27. Stephen on 28 September, 2007  #link

    Hi Sebastian, I finally made the script work having gone back to the code with a fine toothcomb. It turned out that Wordpress didn’t like the directory reference to the php file called with Javascript - boy do I feel dumb. Anyway, all is working now!

    Thanks, and keep up the great work you do here. :)

  28. Terry on 6 November, 2007  #link

    does anyone has example of trackclick() javascript function which calls JSP page to logging click on the server side.

    I am little confused, how the JSP will log the access log entry, since it only does if using redirect back to the user???

    Thanks

  29. Terry on 14 November, 2007  #link

    hi guys,

    im still awaiting reply for someone. does anyone has a trackclick() example?

    thanks

  30. Stephen on 14 November, 2007  #link

    Ok, here is an example that works for me:

    This is in the header of the page with the links:

    This is an example of one of the links:

    [Thanks for helping Stephen! My comment script eats posted code. Sebastian]

  31. Stephen on 14 November, 2007  #link

    As the code in my previous comment didn’t display well, try this instead:

    http://www.stephenadds.com/examples/trackclick.txt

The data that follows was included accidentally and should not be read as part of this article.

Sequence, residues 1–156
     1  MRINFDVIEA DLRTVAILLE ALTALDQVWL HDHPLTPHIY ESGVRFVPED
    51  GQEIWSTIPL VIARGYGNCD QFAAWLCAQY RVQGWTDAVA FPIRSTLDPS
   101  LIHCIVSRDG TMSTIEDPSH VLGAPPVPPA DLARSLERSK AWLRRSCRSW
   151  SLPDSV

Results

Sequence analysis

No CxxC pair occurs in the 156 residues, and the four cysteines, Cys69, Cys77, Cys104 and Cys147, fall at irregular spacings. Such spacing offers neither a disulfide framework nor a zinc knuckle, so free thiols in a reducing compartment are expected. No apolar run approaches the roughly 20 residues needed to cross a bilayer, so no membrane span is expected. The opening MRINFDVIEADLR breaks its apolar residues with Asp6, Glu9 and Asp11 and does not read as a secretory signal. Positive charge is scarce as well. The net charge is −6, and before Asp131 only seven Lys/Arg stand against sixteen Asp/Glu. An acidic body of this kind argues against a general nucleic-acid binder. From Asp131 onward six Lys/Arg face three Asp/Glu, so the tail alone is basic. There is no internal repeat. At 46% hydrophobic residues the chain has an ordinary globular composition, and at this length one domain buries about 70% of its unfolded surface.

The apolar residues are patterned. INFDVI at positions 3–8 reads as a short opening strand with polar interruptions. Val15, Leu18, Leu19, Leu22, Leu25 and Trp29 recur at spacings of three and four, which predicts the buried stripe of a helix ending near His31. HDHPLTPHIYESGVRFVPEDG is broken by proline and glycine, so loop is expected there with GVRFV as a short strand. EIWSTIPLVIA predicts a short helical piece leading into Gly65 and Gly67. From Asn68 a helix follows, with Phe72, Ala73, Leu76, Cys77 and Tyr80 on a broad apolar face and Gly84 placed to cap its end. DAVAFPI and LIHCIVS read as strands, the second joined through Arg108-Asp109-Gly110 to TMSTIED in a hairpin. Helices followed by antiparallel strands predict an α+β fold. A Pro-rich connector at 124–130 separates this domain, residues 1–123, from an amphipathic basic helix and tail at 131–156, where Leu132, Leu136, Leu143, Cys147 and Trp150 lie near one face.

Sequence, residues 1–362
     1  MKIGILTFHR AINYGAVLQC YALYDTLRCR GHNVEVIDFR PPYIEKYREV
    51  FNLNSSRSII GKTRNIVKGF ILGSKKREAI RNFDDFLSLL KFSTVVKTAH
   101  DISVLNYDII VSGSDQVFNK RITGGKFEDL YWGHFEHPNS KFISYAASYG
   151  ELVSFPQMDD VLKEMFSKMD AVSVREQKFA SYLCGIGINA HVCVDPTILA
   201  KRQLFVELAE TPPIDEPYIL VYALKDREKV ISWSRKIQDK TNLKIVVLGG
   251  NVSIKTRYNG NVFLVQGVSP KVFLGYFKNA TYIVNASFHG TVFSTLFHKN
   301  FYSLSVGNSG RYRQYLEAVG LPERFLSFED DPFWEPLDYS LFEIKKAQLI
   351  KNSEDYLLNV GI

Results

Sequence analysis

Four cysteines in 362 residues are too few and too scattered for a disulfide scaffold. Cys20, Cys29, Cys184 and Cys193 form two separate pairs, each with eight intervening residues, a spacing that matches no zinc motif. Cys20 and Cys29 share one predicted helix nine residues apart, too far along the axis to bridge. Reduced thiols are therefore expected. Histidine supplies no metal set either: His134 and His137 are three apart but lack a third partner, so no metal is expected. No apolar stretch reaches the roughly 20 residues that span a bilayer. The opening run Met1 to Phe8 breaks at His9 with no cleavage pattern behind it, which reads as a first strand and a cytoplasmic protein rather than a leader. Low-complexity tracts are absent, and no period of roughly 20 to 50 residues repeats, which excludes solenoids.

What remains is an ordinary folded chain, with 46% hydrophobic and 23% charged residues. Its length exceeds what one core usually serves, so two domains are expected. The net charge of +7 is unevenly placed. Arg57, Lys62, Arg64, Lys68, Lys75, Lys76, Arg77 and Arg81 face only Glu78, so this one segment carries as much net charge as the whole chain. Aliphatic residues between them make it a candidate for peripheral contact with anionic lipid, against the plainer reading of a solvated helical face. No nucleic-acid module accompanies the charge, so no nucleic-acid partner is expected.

32. […] while ago I helped BlogCatalog to fix an issue with their JavaScript click tracking that Google considered somewhat crappy. The friendly BlogCatalog guys said thanks, and since then […]

  33. […] For instance, years ago search engine crawlers did not follow links embedded in JavaScript, but recent experiments have proven that at least Google does follow the less intricate […]

  34. […] uses onclick, but returns false, but the URL is not constructed… ask Sebastian if you want a definitive answer. // Tags: 301 redirect, blogger, blogspot, custom domain, labels, robots.txt, seo « […]

  35. Andy on 5 April, 2010  #link

    A little wheels within wheels conundrum

    I came across this post covering race conditions today

    http://www.gwotricks.com/2009/07/tracking-outbound-links-right-way.html

    Deliberately returning false to delay the page refresh to give GA time to respond.